(Oct 19 Bloomberg) Oil rose for a second day on signs the world's largest producers will honor a deal to pare a surplus, boosting currencies of exporters including the ruble, while Chinese economic data damped demand for equities.
West Texas Intermediate crude climbed the most in more than a week after industry data showed U.S. stockpiles declined and Saudi Arabia's Minister of Energy and Industry Khalid Al-Falih said many nations are willing to join OPEC in cutting production. Stocks in Hong Kong swung to a loss and the Australian dollar temporarily erased gains after an unexpected slowdown in China's industrial output cast a cloud over gross domestic product figures that matched analyst estimates. Saudi Arabia was said to plan to raise as much as $17.5 billion in the biggest bond sale ever from an emerging market nation.
Crude has gained 18 percent in the past month, prompting concern that inflation will accelerate around the world and bolstering the case for the Federal Reserve to make its first interest-rate hike since December. Reports Tuesday showed the cost of living in the U.S. rose at the fastest pace in five months, while in the U.K.. a weaker pound has also helped push the price of goods higher. Longer-maturity bonds are the victims, with Treasury 30-year bonds tumbling more than 3.5 percent in October.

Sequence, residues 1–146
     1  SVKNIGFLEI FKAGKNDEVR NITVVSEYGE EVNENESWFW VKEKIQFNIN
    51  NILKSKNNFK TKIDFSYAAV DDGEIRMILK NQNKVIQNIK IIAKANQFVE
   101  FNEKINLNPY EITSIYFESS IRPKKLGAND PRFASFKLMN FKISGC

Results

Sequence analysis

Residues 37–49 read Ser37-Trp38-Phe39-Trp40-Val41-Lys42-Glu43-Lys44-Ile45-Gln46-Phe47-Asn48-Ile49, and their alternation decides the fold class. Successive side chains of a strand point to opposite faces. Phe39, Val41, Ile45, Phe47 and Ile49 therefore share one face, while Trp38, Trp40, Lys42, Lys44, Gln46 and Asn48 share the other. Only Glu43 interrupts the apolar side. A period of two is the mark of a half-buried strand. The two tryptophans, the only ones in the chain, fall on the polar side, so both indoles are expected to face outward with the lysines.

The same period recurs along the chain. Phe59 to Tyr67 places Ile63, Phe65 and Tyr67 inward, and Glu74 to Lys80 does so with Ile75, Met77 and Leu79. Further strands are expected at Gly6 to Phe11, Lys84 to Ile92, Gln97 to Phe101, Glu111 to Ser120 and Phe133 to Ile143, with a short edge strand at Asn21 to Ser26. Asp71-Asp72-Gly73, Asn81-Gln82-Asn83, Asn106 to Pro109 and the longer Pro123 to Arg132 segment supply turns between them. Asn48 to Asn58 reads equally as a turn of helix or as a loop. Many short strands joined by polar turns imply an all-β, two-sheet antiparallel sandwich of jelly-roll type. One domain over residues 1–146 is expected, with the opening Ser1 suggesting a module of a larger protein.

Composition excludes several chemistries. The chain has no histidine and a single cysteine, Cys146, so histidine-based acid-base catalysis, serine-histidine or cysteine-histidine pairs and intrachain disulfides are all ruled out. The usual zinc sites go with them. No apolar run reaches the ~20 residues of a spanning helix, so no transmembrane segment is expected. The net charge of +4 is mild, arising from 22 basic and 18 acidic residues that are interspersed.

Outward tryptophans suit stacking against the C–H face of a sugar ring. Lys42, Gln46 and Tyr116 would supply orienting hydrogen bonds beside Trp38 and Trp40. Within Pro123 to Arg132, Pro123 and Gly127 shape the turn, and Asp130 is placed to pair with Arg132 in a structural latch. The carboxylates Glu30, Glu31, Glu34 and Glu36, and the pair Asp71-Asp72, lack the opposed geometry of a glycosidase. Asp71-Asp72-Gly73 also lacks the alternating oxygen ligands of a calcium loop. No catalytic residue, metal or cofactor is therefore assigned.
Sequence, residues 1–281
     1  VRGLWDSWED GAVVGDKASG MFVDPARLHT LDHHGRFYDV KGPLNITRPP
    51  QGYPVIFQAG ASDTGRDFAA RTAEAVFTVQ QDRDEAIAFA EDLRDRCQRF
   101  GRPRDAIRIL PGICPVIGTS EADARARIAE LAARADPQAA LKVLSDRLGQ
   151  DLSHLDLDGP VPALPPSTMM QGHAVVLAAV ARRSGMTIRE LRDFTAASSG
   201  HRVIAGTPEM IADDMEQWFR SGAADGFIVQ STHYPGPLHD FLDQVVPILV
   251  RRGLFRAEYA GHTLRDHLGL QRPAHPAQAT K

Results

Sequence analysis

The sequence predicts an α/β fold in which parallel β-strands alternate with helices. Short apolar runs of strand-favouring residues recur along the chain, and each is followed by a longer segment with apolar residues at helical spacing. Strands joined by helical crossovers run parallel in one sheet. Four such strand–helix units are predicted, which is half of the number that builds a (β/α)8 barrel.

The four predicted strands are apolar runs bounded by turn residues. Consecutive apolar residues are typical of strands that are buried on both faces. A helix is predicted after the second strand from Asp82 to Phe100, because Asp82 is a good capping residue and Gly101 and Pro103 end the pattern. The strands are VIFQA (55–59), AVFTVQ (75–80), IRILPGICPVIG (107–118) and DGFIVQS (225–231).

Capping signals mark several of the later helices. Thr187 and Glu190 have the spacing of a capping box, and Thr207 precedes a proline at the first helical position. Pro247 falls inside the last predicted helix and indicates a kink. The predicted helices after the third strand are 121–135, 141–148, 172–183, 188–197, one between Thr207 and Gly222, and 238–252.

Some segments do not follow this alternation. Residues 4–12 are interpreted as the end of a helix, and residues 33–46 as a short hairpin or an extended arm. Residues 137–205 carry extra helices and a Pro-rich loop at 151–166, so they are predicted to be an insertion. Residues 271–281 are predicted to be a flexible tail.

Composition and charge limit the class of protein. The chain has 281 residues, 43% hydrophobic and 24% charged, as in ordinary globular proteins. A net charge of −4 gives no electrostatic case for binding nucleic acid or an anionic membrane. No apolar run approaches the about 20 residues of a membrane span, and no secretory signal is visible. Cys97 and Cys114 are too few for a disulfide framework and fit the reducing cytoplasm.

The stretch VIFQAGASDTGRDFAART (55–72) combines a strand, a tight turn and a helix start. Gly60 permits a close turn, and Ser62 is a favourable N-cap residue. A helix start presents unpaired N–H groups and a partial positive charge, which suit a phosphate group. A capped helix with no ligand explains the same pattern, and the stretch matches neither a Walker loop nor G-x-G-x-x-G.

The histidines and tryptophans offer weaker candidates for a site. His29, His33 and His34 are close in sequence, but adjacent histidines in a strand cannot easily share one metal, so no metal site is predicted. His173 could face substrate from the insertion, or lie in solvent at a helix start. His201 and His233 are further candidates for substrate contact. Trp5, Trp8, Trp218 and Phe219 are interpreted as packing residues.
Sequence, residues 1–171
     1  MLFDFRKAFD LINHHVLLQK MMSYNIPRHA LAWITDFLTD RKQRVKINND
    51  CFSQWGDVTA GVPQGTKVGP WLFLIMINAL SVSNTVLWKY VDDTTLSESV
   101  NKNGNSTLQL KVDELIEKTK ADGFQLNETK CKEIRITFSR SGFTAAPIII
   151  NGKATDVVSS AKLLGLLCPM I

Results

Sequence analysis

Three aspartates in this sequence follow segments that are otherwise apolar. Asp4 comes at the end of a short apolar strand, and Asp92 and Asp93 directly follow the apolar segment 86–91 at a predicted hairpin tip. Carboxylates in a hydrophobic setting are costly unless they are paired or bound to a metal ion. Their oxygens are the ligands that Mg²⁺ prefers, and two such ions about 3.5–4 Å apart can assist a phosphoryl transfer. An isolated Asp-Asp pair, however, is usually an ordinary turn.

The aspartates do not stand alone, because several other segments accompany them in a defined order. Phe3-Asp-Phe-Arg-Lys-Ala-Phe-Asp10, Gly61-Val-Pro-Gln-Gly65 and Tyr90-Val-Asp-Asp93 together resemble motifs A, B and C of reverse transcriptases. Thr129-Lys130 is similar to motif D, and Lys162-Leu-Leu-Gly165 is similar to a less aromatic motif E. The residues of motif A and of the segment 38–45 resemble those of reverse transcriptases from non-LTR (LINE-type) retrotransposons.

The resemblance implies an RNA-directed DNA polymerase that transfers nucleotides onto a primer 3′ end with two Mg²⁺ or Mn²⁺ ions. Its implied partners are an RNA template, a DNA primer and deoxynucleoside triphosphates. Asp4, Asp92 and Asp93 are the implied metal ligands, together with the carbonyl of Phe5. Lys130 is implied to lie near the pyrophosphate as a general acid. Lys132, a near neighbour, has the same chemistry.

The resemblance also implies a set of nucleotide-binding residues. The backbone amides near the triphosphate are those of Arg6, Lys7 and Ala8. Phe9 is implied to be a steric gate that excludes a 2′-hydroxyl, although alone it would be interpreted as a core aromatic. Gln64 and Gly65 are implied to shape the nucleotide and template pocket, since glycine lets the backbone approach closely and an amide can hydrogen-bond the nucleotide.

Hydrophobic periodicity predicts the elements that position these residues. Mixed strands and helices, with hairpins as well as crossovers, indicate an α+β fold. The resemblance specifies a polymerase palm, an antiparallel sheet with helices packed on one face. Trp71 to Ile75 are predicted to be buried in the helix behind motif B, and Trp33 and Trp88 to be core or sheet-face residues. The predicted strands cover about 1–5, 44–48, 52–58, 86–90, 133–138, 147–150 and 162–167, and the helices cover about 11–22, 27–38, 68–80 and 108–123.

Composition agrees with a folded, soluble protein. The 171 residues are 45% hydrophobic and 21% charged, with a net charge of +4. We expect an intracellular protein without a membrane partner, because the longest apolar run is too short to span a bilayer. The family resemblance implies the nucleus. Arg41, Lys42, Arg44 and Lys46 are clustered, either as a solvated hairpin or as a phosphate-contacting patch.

"Oil has rallied quite strongly over the past month -- it's not only due to OPEC," Jens Naervig Pedersen, an analyst at Danske Bank A/S, said by phone. "The market is still figuring out whether there is a more persistent downtrend" in U.S. stockpiles, he said.
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